Convergence results and low order rates for nonlinear Tikhonov regularization with oversmoothing penalty term

11/02/2019
by   Bernd Hofmann, et al.
0

For the Tikhonov regularization of ill-posed nonlinear operator equations in a Hilbert scale setting, the convergence of regularized solutions is studied. We include the case of oversmoothing penalty terms, which means that the exact solution does not belong to the domain of definition of the considered penalty functional. In this case, we try to close a gap in the present theory, where Hölder-type convergence rates results have been proven under corresponding source conditions, but assertions on norm convergence of regularized solutions without source conditions are completely missing. A result of the present work is to provide sufficient conditions for convergence under a priori and a posteriori regularization parameter choice strategies, without any additional smoothness assumption on the solution. The obtained error estimates moreover allow us to prove low order convergence rates under associated (for example logarithmic) source conditions.

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1 Introduction

The subject of this paper are nonlinear operator equations of the form

(1.1)

where is a nonlinear operator between infinite-dimensional Hilbert spaces and with norms . We suppose that the right-hand side is approximately given as satisfying the deterministic noise model

(1.2)

with the noise level . Throughout the paper, it is assumed that the considered equation (1.1) has a solution and is (at least locally at ) ill-posed (cf. [12]).

For finding stable approximations to the solution of equation (1.1), we consider the Tikhonov regularization, where the regularized solutions are minimizers of the extremal problem

(1.3)

with a regularization parameter . In this context, is assumed to be a norm of a densely defined subspace of , which is stronger than the original norm in . Throughout this paper we suppose that the initial guess occurring in the penalty term of satisfies the condition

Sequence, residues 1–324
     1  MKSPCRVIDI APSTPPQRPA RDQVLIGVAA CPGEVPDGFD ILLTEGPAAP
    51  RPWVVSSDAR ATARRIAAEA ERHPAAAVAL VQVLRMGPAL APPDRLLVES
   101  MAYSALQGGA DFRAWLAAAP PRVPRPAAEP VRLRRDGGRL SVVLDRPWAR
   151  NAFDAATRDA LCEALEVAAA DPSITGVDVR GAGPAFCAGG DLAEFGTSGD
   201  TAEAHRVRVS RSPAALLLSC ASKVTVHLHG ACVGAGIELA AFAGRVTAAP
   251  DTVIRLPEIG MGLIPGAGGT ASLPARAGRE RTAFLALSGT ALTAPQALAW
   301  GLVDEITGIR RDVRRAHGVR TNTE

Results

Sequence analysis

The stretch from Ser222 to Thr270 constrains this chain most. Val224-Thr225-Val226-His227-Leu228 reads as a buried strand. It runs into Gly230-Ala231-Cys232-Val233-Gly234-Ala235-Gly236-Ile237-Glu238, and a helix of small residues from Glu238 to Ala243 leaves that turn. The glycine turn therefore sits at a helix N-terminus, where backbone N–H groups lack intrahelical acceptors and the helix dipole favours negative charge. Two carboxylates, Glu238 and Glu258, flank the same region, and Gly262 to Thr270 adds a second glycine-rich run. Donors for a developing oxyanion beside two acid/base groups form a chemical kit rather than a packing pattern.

(1.4)

Precisely, we define the stronger norm by a generator , which is a self-adjoint and positive definite unbounded linear operator with dense domain , i.e. we have for some constant

(1.5)

This allows us to introduce norms

(1.6)

where for , and for . The fractional powers are defined by means of the resolution of the identity generated by the inverse operator , see, e.g., [6, Section 2.3]. Note that the system of spaces , equipped with the respective norms, is strongly related to the Hilbert scale generated by the operator . However, for , topological completion of the spaces with respect to the norm is not needed in our setting and thus is omitted.

In the present work, we discuss the nonlinear Tikhonov regularization (1.3) in particular with an oversmoothing penalty term, where we have , or in other words This continues studies started in papers [9, 10] and [7], where convergence rates and numerical case studies are provided for a priori and a posteriori parameter choices, respectively, under certain smoothness assumptions on and structural conditions on . Under the same structural conditions, which are also similar to those in the corresponding seminal paper for linear operator equations by Natterer [18], we present as the novelty of this paper convergence results based on the Banach–Steinhaus theorem without needing any smoothness assumptions. The error estimates derived in the context of convergence assertions moreover allow us to prove low order convergence rates under associated (for example logarithmic) source conditions.

The outline of the remainder is as follows: in Section 2, we introduce Hilbert scales and formulate the basic assumptions, and in addition we establish well-posedness of Tikhonov regularization used in our setting. Then in Section 3, we introduce auxiliary elements needed for the proof of the convergence results, and in addition we provide first error estimates for Tikhonov regularization which are based on those auxiliary elements and which are needed for the subsequent convergence proofs. The regularizing properties of an a priori parameter choice as well as a discrepancy principle are considered in Section 4. The suggested discrepancy principle is considered in a form that is suitable for misfit functionals which may depend discontinuously on the regularization parameter . Finally, as a byproduct of derived error estimates, we can prove low order convergence rates in Section 5.

2 Prerequisites and assumptions

2.1 Main assumptions

In the following assumption we briefly summarize the structural properties of the operator , of its domain , in particular with respect to the the solution of equation (1.3). For examples of nonlinear inverse problems, which satisfy these assumptions (or at least substantial parts of it), we refer to [5, 7] and to the appendices of the papers [10, 25].

Assumption 2.1.